Before he reached the age of 30, he became a physics professor in Como. A year later, he popularized electrophorus ("electricity bearer" from Greek: capacitive generator producing electrostatic charge by electrostatic induction) due to Swede Johan Carl Wilcke so intensely that we often attribute its discovery to Volta himself.

Monday, March 04, 2013 ... Deutsch/Español/Related posts from blogosphere

George Gamow: 109th birthday

March 4th was the birthday or deathday of at least 15 famous enough physicists. For example, cosmologist Robert Henry Dicke (recall the Brans-Dicke scalar-tensor gravity and an amplifier) died in 1997. Ta-You Wu, the father of Chinese (not only nuclear) physics died in 2000. Particle experimenter Simon van der Meer died in 2011. Statistical mechanic Richard Tolman was born in 1881.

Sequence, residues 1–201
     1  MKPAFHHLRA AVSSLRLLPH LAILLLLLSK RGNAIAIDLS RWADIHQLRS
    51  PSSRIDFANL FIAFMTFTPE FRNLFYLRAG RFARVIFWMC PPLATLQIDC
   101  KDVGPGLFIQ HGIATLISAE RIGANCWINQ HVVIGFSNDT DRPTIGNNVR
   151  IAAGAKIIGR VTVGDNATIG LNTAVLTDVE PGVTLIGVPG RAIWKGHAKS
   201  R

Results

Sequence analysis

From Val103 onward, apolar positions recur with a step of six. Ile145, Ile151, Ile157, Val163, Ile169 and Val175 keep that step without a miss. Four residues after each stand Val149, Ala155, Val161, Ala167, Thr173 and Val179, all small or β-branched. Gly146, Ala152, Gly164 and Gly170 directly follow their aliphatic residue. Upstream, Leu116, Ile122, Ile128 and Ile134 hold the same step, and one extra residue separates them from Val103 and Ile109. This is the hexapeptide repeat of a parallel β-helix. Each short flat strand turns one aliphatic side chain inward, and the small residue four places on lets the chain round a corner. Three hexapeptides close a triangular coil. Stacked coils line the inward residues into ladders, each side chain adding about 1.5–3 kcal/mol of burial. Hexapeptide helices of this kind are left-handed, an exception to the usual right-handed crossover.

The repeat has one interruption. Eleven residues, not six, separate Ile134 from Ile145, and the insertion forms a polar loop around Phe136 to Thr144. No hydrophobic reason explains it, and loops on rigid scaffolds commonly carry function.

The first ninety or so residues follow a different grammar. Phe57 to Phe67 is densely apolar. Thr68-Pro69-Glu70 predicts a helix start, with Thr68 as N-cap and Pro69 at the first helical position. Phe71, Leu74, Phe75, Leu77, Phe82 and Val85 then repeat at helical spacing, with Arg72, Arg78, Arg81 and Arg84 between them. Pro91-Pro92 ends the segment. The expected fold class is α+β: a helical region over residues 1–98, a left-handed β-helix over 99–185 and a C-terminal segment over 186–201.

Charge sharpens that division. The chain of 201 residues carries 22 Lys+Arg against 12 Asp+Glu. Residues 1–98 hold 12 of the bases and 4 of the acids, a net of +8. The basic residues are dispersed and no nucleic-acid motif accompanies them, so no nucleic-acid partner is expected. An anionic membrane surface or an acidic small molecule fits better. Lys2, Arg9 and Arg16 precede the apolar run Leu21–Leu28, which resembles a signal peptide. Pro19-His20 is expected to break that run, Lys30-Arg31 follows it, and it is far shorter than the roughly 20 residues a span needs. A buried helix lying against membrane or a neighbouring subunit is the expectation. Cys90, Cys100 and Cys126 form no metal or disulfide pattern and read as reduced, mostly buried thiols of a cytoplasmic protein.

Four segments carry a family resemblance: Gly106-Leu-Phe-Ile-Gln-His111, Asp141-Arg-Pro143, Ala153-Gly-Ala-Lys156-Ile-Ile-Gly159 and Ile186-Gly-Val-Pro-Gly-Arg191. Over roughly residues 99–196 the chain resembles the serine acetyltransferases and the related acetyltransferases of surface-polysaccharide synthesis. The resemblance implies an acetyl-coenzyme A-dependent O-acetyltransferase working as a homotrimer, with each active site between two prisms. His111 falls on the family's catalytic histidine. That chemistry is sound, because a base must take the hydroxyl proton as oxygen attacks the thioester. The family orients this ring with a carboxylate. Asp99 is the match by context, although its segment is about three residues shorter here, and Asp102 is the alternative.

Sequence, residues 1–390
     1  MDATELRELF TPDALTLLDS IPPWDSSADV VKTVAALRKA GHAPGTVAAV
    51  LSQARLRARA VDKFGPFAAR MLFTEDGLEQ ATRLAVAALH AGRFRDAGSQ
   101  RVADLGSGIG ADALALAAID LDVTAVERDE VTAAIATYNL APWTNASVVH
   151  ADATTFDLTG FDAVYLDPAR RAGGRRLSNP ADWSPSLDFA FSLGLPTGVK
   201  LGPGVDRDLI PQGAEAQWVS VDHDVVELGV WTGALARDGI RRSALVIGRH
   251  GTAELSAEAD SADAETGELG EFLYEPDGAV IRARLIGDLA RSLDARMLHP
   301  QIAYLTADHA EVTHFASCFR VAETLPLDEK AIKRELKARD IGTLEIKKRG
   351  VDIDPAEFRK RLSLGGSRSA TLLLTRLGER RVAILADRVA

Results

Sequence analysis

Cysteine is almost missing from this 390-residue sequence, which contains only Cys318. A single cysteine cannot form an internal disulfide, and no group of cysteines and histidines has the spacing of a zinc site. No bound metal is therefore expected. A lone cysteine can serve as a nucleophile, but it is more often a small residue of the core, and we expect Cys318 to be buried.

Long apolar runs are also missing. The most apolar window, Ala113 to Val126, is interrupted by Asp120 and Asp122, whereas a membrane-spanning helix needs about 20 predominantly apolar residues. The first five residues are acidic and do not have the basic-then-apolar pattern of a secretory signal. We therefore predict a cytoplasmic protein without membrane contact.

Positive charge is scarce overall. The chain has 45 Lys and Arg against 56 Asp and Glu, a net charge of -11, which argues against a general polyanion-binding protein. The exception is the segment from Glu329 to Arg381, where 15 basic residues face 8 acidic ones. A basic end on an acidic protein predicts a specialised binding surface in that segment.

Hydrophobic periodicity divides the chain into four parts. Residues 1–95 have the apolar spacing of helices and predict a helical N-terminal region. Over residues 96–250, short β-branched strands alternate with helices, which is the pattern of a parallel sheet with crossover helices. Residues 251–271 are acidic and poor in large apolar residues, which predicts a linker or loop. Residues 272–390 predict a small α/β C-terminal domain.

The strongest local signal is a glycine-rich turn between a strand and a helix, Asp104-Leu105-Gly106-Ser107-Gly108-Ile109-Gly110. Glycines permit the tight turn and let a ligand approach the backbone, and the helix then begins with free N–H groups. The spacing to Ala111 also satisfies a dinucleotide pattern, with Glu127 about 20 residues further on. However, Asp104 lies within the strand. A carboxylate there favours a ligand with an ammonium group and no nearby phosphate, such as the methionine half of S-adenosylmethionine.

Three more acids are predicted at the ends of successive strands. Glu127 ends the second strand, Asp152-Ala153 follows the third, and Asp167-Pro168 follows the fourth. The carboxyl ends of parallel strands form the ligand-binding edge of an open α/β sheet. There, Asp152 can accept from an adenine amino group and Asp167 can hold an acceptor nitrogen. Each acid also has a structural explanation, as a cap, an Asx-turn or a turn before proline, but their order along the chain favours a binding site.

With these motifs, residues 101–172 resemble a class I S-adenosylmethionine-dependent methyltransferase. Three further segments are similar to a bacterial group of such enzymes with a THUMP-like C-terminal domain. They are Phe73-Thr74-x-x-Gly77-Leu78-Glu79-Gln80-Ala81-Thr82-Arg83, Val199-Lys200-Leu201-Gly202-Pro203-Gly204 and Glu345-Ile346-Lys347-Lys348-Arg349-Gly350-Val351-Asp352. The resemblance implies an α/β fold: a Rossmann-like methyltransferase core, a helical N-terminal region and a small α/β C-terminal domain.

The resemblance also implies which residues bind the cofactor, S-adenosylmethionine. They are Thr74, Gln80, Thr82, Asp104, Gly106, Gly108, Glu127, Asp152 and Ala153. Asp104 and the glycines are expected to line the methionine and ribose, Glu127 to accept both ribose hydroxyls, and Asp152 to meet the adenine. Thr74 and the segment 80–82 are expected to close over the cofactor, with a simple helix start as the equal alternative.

But I think that George Gamow is the most important character in this group. He was a very interesting and funny man of a sort and most of his cute stories may be found in My World Line, his autobiography published posthumously, but I will try to be a bit more serious and more technical now.

George Gamow was born on March 4th, 1904 (Old System), in Odessa, Russian Empire. Now it's the third largest town in Ukraine. His father was Russian and taught Russian, his mother was Ukrainian and taught geography and history for girls. He learned German (from a tutor) and French (from his mother) rather early on. His early papers were in Russian on German. Gamow later switched to English that he understood since the college years.

LHCb: \(7\)-\(\sigma\) and \(9\)-\(\sigma\) anomalies in CP-violation